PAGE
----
I really found it useful seeing the working of the workplace with project hours etc and very much enjoyed seeing how data science and statistics is applied to different fields.
- Daniel Cooper, UEA

The project was interesting and provided an opportunity to chat with people that I knew from my PhD, as well an opportunity to meet another research environment.  Doran and Amula have been great supervisors on all matters, from technical knowledge to help with my integration with the workgroup and workplace. My advisors Gianni and Matt, have also been involved in the project  and have supported me with technical knowledge when needed.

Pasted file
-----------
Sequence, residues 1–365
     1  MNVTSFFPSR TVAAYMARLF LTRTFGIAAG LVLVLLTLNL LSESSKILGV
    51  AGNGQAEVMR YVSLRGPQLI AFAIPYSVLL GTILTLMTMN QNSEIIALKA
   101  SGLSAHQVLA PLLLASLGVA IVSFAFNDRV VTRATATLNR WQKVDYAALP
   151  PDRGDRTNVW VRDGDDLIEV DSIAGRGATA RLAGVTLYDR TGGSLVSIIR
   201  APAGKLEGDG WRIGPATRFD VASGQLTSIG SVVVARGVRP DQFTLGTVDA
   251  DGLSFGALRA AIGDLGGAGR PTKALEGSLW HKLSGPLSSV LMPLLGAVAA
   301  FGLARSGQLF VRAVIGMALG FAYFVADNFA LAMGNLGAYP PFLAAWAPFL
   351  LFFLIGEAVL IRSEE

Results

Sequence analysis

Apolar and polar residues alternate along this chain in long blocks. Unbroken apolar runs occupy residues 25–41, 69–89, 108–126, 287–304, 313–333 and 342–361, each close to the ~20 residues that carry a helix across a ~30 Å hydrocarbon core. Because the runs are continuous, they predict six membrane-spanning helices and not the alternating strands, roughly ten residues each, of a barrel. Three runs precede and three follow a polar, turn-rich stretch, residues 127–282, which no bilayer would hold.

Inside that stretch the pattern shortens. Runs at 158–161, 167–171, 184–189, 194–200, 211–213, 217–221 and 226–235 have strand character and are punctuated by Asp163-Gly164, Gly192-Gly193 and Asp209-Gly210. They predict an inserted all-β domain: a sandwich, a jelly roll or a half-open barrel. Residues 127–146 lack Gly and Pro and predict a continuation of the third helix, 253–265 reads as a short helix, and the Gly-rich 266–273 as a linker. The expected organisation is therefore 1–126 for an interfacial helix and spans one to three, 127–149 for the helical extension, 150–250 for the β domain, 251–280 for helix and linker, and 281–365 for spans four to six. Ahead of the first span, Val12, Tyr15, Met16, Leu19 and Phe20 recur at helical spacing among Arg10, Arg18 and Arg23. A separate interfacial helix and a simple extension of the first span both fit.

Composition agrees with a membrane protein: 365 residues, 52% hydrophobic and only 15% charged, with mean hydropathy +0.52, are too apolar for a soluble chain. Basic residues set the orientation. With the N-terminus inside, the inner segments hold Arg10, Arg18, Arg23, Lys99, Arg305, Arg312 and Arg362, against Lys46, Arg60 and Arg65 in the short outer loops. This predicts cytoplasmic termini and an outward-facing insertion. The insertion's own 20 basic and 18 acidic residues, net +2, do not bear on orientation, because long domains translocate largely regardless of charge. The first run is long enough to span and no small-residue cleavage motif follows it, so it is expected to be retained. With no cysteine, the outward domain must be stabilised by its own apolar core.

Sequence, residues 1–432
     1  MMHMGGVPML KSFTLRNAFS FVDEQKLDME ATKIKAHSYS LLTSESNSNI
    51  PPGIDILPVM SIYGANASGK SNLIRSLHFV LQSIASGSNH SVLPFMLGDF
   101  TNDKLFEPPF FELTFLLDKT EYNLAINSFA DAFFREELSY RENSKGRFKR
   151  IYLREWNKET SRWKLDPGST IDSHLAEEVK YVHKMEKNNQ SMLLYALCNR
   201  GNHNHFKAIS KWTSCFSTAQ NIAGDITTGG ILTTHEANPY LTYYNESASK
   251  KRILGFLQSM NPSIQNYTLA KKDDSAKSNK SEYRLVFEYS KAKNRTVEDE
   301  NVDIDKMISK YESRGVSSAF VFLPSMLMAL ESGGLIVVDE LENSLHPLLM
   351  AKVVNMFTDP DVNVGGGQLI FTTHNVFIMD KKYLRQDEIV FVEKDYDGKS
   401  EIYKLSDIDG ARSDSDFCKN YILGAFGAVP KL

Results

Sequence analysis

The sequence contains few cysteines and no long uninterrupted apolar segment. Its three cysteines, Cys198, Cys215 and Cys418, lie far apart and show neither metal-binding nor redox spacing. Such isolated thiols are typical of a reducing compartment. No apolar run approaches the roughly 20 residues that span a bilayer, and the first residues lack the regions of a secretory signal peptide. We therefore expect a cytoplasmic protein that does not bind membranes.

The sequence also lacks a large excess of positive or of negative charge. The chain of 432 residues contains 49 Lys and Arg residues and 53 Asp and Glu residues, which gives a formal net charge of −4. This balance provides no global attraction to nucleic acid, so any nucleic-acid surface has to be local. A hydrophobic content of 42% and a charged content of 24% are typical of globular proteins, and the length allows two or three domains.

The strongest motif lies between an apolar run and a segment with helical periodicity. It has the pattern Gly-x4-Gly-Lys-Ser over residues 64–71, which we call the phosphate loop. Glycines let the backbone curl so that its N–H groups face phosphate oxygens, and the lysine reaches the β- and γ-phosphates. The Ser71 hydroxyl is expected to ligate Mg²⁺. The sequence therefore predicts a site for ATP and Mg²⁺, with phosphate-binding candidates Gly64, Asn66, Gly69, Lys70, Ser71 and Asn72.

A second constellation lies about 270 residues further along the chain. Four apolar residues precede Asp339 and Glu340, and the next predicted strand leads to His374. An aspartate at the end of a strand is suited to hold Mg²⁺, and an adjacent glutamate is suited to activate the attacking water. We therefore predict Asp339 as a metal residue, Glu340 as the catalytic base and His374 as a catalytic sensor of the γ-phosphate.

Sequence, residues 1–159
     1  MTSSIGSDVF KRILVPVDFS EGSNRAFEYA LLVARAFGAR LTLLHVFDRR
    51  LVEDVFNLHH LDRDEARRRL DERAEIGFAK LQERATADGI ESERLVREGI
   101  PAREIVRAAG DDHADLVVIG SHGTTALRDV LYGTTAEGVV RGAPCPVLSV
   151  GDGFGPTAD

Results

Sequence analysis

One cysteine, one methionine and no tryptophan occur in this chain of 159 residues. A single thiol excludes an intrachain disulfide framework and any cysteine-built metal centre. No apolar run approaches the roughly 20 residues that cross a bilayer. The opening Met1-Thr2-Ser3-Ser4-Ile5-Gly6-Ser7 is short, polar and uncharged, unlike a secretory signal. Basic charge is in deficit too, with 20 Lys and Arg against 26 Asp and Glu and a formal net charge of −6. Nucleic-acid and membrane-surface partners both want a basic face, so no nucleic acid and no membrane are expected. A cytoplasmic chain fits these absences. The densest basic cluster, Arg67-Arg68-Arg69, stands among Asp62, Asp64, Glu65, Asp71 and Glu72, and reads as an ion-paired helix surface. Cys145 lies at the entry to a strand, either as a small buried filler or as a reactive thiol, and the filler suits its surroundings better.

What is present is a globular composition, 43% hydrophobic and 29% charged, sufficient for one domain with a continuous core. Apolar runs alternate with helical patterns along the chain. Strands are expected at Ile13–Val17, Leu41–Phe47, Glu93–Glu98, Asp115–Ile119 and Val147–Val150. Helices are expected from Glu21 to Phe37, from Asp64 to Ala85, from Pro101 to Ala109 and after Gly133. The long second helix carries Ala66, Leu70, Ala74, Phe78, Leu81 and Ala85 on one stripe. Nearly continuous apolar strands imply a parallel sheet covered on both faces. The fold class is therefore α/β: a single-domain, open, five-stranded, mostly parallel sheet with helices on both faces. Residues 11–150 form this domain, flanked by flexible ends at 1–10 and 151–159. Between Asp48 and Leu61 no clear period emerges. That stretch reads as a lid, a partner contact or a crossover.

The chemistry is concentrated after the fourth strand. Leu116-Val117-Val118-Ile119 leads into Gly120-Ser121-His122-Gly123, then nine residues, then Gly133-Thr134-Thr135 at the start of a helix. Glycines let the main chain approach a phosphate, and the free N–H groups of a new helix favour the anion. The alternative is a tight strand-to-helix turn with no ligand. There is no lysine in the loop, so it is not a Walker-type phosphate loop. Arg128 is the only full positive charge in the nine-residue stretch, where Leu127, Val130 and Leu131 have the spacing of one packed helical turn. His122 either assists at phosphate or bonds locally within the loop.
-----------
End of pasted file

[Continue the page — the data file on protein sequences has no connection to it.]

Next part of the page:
- Felipe Fileni, U. Newcastle

Congratulations to both Felipe and Danny for all the work they managed to achieve in their short time at UKCEH and for their excellent presentations.

For enquiries, please contact us at hydrojules@ceh.ac.uk.